ON THE LEFT SIDE of the Bay, the Giants are swept at home over the weekend and slink out of town with their bats between their legs, losers of 14 of their last 16 games.

On the right side of the Bay, the A's, winners of one in a row, return home from a 2-4 road trip, maintaining their 21-day grip on last place in the AL West.

With locals owning nearly identical records — Oakland at 25-37, San Francisco at 25-36 — this is as good a time as any for them to begin the charge toward October.

Call it The Drive for 75.

Insofar as neither team can reasonably expect to reach the 85-win mark, much less get to 90, it's best to keep the goals plain, simple and realistic.

One, don't finish with a worse record than the team across the bay.

Two, avoid, by all means, last place.

Finishing last always qualifies a club for debates in which the topic is "worst team" — even though the presence of Tampa Bay, Kansas City and Colorado ensures the A's and Giants wouldn't be long for the discussion.

Still, holding down last means you're bad enough to be tossed into that cold, damp cell with the other derelicts. And there's something to be said about claiming to be better off than the guy passed out on the floor, face down in his own juices.

How to avoid that fate? Win at least 75. It's a total perfect for next-to-last, thereby escaping the stigma.

Indeed, only 10 times since 1969 have any teams played 162 games, won at least 75 and still finished in the division cellar. That's about six percent of last-place teams since'69, when the leagues were divided into two, and later three, divisions.

None of those star-crossed teams were the A's or the Giants. If anything, 75 is a sort of magic number for both. Neitherhas ever finished last with 75 victories.

In their combined 84 years in the Bay Area the Giants (47) and A's (37) have posted a total of 22 seasons in which they won fewer than 75. It's straight down the middle, too, with 11 such seasons for each team.

But six of those seasons were split or shortened. Of the remaining 16, eight ended with A's (five) or Giants (three) at the bottom of the standings. And deservedly so, with only one of those teams, the 1998 A's, slogging beyond the 68-win mark.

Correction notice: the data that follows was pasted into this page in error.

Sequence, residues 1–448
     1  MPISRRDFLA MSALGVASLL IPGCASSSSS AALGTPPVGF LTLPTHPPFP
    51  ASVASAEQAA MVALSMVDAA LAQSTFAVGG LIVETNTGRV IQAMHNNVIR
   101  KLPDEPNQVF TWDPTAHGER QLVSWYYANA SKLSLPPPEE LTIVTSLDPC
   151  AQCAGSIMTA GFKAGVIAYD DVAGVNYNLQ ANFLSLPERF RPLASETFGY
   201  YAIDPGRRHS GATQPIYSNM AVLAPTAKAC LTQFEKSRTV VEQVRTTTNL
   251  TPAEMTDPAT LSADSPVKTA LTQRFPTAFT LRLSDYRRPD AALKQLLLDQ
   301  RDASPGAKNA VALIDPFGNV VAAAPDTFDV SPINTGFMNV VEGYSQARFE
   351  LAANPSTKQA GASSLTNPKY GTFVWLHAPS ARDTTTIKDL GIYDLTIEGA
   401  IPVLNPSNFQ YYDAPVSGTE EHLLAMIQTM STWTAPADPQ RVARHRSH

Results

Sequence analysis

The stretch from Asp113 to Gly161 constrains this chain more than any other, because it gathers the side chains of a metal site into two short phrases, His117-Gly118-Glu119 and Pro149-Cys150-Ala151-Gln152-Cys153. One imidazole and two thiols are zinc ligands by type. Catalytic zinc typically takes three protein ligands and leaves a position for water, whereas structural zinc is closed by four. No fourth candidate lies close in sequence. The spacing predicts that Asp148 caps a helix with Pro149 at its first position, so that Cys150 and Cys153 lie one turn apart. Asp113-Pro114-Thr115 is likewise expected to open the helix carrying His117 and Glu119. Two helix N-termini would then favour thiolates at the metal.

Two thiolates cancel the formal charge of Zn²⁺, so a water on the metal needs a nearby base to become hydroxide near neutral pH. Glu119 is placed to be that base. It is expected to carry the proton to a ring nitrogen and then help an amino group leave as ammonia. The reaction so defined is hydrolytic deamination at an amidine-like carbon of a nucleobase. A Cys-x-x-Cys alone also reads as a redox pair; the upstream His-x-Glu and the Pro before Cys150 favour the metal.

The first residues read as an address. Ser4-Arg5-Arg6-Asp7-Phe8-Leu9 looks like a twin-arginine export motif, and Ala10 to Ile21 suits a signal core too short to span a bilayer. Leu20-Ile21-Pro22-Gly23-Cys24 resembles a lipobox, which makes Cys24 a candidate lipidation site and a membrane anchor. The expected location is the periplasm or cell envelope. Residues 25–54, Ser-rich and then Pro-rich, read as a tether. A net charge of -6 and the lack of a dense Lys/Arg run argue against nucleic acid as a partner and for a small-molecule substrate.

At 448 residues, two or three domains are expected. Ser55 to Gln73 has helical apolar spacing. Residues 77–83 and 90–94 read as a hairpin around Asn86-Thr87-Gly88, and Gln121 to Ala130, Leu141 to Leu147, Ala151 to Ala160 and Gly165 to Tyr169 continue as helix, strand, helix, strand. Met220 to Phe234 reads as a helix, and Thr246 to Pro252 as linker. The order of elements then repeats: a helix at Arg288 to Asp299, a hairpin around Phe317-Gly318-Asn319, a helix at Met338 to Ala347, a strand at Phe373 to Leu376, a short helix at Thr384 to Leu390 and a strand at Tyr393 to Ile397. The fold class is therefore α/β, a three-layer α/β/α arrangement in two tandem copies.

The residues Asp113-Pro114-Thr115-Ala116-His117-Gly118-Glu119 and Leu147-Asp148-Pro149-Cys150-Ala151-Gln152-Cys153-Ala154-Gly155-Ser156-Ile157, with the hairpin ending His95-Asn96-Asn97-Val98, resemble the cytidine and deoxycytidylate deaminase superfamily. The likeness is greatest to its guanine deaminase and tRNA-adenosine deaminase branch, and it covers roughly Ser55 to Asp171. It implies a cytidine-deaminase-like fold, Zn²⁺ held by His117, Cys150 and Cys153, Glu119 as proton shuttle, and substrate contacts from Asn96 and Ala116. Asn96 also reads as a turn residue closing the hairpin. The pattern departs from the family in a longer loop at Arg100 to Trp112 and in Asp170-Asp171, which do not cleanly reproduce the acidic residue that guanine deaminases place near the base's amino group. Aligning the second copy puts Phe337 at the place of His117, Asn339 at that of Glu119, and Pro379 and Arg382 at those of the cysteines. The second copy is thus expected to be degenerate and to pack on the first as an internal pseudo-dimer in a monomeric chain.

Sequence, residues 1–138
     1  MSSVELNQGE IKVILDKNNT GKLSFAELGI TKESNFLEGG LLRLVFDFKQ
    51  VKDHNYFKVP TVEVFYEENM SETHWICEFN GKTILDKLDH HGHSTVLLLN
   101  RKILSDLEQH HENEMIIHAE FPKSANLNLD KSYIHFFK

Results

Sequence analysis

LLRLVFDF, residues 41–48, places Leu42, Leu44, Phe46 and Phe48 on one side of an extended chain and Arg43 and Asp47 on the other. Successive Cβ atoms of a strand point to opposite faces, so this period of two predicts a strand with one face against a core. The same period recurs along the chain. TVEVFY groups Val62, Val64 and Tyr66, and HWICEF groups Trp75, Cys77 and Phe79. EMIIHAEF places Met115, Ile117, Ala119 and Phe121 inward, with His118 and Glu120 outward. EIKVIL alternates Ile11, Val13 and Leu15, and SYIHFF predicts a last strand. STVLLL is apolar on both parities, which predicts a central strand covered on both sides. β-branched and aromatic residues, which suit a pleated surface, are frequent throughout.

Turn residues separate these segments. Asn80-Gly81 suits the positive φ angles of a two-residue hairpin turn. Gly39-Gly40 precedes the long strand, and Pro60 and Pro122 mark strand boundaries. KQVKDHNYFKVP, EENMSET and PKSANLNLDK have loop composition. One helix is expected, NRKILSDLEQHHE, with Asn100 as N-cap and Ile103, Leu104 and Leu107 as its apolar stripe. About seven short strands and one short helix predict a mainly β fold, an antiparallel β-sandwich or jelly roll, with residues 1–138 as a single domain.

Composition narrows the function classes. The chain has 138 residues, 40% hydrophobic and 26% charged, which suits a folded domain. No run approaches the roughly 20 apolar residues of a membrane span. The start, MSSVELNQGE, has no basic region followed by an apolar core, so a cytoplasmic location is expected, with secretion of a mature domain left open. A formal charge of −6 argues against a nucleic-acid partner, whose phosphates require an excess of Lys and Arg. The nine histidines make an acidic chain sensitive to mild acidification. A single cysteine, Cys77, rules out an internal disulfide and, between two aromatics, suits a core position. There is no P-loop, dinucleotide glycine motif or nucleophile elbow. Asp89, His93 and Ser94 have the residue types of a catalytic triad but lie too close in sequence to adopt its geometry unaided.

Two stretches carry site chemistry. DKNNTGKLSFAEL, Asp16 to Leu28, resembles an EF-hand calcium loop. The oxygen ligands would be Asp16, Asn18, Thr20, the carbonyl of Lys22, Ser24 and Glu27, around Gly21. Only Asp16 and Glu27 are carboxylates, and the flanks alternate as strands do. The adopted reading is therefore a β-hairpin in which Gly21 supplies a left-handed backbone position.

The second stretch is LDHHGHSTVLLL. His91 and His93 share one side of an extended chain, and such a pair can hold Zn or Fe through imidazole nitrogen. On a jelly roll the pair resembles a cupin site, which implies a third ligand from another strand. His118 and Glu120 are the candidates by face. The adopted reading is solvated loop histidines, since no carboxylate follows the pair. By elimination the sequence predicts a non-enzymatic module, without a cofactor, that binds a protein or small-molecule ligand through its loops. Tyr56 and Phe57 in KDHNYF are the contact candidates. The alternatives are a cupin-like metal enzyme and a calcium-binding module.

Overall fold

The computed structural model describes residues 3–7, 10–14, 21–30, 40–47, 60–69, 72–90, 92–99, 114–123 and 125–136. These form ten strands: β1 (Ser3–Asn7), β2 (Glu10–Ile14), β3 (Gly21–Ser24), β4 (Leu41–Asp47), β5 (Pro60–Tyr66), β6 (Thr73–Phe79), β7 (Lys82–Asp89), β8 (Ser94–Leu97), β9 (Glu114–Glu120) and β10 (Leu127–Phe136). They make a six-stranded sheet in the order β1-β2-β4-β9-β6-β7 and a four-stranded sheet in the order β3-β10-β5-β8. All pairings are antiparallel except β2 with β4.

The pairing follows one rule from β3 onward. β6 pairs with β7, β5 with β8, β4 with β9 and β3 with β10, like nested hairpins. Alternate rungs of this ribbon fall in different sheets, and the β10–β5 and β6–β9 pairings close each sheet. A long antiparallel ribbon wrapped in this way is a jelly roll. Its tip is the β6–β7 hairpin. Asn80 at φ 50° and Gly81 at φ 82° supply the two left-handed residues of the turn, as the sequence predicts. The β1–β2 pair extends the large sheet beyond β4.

Only six times have both teams finished below .500 in the same 162-game season, and not at all since 1996. That was, you may recall, the year John Wasdin led the A's in wins, with eight, while Mark Gardner topped the Giants with 12.

Laugh if you will, but similar numbers are not out of the question for 2005.

Dan Haren leads the A's with four wins, which puts him on a pace for 11. With about 20 losses.

Brett Tomko leads the Giants with five, which puts him on a pace for 14. With about 23 losses.

The nominal aces? Well, A's left-hander Barry Zito's nabbed his third win on Sunday, one day after San Francisco's Jason Schmidt failed to get his fourth. Both are mired in mind-numbing, arm-torching seasons and seem to be averaging about 40 pitches per batter.

So who has the edge? Which team is most likely to reach 75?

The Giants would seem to be the best bet, assuming the melon-headed slugger in rehab returns to the lineup in the next month or so. Moises Alou is swinging well, and San Francisco would be an entirely different club with those two at the heart of the order.

A healthy Barry Bonds means, theoretically, more runs, which changes everything.

Furthermore, the Giants' situation is more urgent. It's a team built for now, which is bound to tear at general manager Brian Sabean's patience. Because his pitching can't be expected to improve with experience, we can't assume Sabean won't trade for a quality veteran arm, even if it means sacrificing a valuable prospect.

The A's? Well, they're built for some other year, some other time and maybe some other place. General manager Billy Beane is smart enough to know it would require a roster overhaul to contend and he's too patient and poor to generate that.

Billy is more likely to ride it out. If 75 comes, it comes.

As for the fan, well, consider 2005 a test. How much bad ball can you tolerate? The best that can be said of local baseball is that fewer than seven weeks remain before the local NFL teams open training camp. 

As the A's prepare for a homestand against the Mets and Phillies, while the Giants visit Minnesota and Detroit, there is every reason to take the Bay Area teams out of the divisional races. Make it a local competition.

The Drive for 75.

Or, if you prefer, the Dash to Avoid Last.

Monte Poole can be reached at

(510) 208-6461 or by e-mail at

mpoole@angnewspapers.com